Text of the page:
Speaking of Ungar's 1997 triumph, it just so happened to be one of the more memorable heads-up matches in Main Event history, which helps Strzemp, the runner-up that year, make our list. Not only does the match resonate with poker fans because it was played outside on Fremont Street under the 100-degree Las Vegas heat, but it was also one of the quickest in history, which led some to speculate that Ungar and Strzemp had cut a deal beforehand. Ungar had a 3-to-1 advantage in chips when heads-up play began and just 15 minutes later, he was the new three-time champion. Ungar won the match when he hit a gut-shot wheel on the river.
5. Johnny Moss
As mentioned above, Moss and Ungar are the only players to snare three Main Event titles and if Johnny could have won the event in 1973 instead of finishing second, he would be a four-time champ. What's more, the man Moss lost to that year was Puggy Pearson, who just so happened to be the runner-up in 1971 and 1972. A loss in 1973 would have made Puggy the Buffalo Bills of the Main Event with three straight second-place finishes.
4. Johnny Chan
Here's another multiple Main Event champ who we aren't going to pull the violin out for, but we will make note of his second-place finish because it changed the course of poker history in more ways than one. The year was 1989 and Chan was one step away from doing the unthinkable – winning three straight Main Events. A victory in 1989 would have put Chan in an elite class with Moss and Ungar. And his three-peat would have been the greatest feat in poker history. Instead he finished second best. And the man who took it away from him was none other than a 24-year-old Phil Hellmuth, who has gone on to become the all-time leader in WSOP bracelets with 11, which, not-so-ironically, is one better than Chan, who has 10.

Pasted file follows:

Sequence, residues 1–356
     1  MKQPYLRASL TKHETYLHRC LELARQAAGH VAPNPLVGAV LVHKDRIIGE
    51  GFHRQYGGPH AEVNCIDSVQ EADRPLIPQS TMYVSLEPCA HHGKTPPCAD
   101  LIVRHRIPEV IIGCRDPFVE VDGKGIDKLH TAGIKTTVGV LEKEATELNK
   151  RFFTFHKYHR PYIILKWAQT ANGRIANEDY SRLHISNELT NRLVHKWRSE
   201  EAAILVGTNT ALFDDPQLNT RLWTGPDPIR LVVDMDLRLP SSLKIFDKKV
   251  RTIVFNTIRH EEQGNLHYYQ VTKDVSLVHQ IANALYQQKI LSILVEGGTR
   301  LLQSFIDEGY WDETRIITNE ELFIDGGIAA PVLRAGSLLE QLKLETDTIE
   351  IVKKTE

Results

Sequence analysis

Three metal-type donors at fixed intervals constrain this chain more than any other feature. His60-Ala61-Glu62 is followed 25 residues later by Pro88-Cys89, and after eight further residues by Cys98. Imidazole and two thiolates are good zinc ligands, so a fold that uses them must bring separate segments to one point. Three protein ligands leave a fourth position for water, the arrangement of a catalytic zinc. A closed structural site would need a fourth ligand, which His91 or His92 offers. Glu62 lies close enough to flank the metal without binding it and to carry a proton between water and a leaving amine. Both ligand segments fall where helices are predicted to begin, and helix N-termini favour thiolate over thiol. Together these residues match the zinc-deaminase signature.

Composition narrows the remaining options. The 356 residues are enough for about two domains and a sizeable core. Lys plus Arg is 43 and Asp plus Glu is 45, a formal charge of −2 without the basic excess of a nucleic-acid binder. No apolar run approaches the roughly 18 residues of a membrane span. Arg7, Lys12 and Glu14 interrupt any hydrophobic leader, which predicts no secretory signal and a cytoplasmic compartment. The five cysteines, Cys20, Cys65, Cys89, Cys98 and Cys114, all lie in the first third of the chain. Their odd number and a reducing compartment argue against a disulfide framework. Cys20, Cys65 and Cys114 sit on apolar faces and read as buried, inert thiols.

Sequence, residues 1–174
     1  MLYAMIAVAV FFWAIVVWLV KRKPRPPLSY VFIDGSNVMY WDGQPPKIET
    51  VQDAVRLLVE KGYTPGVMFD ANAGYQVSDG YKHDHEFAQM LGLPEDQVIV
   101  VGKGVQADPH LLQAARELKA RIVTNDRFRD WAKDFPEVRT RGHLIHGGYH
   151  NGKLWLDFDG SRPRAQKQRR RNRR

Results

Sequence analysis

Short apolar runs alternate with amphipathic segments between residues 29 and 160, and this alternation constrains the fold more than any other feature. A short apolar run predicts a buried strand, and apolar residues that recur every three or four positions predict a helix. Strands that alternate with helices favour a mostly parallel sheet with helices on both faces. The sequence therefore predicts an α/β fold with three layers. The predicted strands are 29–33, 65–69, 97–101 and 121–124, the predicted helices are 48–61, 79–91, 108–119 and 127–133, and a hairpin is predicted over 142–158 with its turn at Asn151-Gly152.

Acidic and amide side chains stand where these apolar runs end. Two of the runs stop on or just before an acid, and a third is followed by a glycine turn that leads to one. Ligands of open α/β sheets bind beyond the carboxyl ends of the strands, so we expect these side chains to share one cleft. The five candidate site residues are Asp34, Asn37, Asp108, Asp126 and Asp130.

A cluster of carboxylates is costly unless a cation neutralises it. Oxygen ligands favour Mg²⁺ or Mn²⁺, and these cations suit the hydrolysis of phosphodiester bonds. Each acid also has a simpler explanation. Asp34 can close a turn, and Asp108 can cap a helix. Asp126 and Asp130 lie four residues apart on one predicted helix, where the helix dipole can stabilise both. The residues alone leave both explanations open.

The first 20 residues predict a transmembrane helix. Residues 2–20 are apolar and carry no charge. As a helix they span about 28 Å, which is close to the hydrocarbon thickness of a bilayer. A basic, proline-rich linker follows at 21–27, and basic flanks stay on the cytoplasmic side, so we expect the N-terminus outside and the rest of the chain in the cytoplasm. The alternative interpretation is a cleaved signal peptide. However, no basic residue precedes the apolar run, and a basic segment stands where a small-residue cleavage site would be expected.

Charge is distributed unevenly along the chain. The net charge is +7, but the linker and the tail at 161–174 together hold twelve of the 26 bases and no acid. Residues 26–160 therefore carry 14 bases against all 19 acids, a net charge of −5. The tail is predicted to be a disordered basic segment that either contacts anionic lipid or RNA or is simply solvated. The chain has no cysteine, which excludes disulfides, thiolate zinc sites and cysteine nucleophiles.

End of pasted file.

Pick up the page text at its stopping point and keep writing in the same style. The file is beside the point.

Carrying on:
Johnny Chan was denied a third-straight WSOP Main Event title when he was stopped by Phil Hellmuth in heads-up play back in 1989. (photo by Vin Narayanan/Casino City)
3. Erik Seidel
Now here's a guy who it's OK to have some sympathy for when it comes to Main Event runner-ups. The video of Johnny Chan bluffing his way past Seidel for the 1988 crown must be absolutely painful for him to watch. But making matters worse is the fact that the clip of the classic bluff is a poker legend because it played a prominent role in the poker movie "Rounders." Seidel managed to more than survive the loss and has gone on to have a brilliant career with eight bracelets, but he has never been as close to another Main Event title as he was in 1988.
2. Paul Wasicka
Just think. Every time you've seen Jamie Gold's face on TV over the past three years, it very easily could have been the mug of Wasicka. Gold forever etched his name into poker history with his monumental Main Event victory in 2006. Gold's victory came over a record-field of 8,773 entrants and he took home a mind-boggling $12 million for his win. Sure, Wasicka didn't make out too badly himself by cashing in for $6 million – which still ranks as the greatest runner-up prize in Main Event history – and he has gone on to have more success on the felt than Gold has had, but a win here would have changed Wasicka's life forever.
1. Sammy Farha
Here's a question for you... If poker pro Sammy Farha had won the 2003 Main Event instead of a little-known accountant with a cool last name, would there have been a poker boom? If Chris Moneymaker's bluff against Farha during heads-up play blew up in his face and Farha went on to prevail, would we even be writing this list? The answer could quite possibly be no. Most everyone agrees that Chris Moneymaker's victory in 2003 is the jet fuel that propelled the popularity of poker. The story of a part-time player turning a $40 online buy-in into a $2.5-million Main Event victory was delicious enough to draw millions and millions of new fans and players to the game. The entrants for the Main Event swelled from 839 in 2003 to 2,576 in 2004. Two years later, it went to nearly 9,000 and the reason is because Farha placed second instead of first back in 2003. That makes Sammy an easy choice for the top spot on our list.